Yahoo's search deal with Microsoft just gets worse by the day. Six years ago, when announced, I called the agreement "Christmas in July" for Google. My prediction then: The combined entity would cannibalize from Y while taking little from G. Bing would be the big beneficiary, and its painful gains have been punishing.
March 2015 U.S. search share figures are out from comScore, raising a milestone that is no cause for celebration. Bing reached 20.1 percent, or about where Yahoo was in the months before announcing its deal with Microsoft, which essentially came to power Y searches. Yahoo is 12.7 percent. Combined they're at 32.8 percent, which is up from 28.6 percent five years earlier. The dent to Google is minimal, with share falling to 64.4 percent last month from 65.1 percent in March 2010. Aggregated gains came from other providers, such as AOL. not from the market leader. In fact, if not for Mozilla swapping G for Y as Firefox's default search engine, there would be no meaningful gains from Google whatsoever.
I best be watchful, for my wife is smarter than she pretends to be. If not, she's the mother of all coincidence. Because by all appearances, the woman used the vendor online tracking everyone suspects to snake a great discount from Amazon. Maybe you can turn to advantage persistant invasion of your privacy.
Our story starts on Feb. 11, 2015, when following days of price comparisons she ordered a 12-pack of one pound Café Bustelo from the Internet retailer. Price: $52.90. As we consumed coffee, she returned to Amazon on March 17, when a shocker waited: Same item cost $69.31. Ah, yeah. That's a 31 percent increase. But by apparently gaming the system, she later purchased for 19 percent less than previously paid.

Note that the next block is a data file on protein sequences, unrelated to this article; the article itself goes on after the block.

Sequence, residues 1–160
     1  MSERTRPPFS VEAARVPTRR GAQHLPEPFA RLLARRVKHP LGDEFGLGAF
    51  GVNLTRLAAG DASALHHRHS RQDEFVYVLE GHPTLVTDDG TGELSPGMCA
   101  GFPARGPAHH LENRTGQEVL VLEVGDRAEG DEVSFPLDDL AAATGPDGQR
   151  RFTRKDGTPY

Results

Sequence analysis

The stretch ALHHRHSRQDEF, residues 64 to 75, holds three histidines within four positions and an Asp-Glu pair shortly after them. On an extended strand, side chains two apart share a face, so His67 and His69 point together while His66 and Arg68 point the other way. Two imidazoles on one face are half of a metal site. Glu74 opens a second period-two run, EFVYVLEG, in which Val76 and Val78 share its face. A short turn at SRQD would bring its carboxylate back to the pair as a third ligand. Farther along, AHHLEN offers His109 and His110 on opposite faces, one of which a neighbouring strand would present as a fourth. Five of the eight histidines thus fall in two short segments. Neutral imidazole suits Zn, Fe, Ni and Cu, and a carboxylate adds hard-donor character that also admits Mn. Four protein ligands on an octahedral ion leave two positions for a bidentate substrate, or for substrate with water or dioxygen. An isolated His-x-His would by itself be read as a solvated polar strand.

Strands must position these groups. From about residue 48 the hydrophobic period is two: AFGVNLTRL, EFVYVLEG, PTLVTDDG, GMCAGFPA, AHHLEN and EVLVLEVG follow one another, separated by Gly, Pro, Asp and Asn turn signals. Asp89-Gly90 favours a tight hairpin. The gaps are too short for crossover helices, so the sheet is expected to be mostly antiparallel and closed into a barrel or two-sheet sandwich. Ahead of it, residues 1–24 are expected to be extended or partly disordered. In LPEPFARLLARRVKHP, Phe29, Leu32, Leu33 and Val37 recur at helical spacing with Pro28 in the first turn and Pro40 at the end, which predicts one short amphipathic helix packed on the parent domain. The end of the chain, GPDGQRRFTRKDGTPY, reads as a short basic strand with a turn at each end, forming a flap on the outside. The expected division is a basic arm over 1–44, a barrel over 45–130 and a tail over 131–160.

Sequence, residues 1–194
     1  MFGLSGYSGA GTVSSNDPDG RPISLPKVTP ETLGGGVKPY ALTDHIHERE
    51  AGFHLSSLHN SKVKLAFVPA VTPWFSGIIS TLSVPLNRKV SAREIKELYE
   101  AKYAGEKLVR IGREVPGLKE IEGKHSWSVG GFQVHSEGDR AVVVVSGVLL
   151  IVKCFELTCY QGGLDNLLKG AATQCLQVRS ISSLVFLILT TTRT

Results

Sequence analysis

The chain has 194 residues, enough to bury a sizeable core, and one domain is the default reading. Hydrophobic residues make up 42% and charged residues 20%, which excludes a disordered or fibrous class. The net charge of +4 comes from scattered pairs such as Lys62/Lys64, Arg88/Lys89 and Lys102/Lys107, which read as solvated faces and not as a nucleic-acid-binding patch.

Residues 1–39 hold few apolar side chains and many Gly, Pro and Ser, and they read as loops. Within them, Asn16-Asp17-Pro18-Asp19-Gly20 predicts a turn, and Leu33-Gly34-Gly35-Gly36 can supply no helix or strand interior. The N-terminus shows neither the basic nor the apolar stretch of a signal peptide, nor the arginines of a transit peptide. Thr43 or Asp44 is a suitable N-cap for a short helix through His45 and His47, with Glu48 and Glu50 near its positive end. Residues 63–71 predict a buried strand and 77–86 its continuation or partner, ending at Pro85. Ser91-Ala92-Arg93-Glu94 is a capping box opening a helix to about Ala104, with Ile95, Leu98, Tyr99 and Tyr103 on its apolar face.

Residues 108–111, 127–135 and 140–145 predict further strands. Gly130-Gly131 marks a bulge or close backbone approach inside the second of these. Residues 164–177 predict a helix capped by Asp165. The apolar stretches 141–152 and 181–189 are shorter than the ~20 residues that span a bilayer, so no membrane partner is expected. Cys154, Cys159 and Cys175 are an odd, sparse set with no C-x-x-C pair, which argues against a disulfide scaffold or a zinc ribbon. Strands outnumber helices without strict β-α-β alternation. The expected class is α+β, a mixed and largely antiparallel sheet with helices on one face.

As someone whose name also is his brand (welcome to 21st-century journalism), I watch with interest the new .sucks top-level domain, which is available for select preregistration through May 29—the only time to surely secure your.sucks. Today, I looked to a reputable registrar to see what joewilcox.sucks would cost me. Cough, cough: $3,797.99 now, during the so-called Priority Access (e.g., Sunrise) period, or $407.98 when general pre-reg starts in June.
The new TLD is just one among hundreds of available or forthcoming domain extensions sanctioned by governing body ICANN. "I think the motivation behind the release of all these new domains is money", says Roger Kay, who describes the sellers as shady land speculators. "The .sucks domain is particularly nasty", the president of consultancy Endpoint Technologies Associates emphasizes. "It's pretty close to blackmail". But is it really? This analysis means to help you decide.
I typically don't pull together review roundups, but bloggers and journalists with early access to Apple Watch and 12-inch MacBook beat the products senseless. Not even Wall Street Journal gives glowing look at the laptop; the pummeling is among the most brutal. Meanwhile, The Verge repeatedly gut-punches the smartwatch. Two themes rise from the many reviews, even those trying to cover up pooh with perfume: The devices are beautiful, but performance is a lumbering beast.
Welcome to the Tim Cook and Jony Ive era of putting form before function, and to a fault. Apple's CEO and design chief may not be the dynamic duo shareholders hoped for. The first truly new products to emerge under Cook's stewardship receive a collective meh, which should scare any intelligent buyer witless. Because if the past means anything, the carefully chosen coven of early reviewers embrace newfangled Apple things like the Devil clings to sinners. But not this week.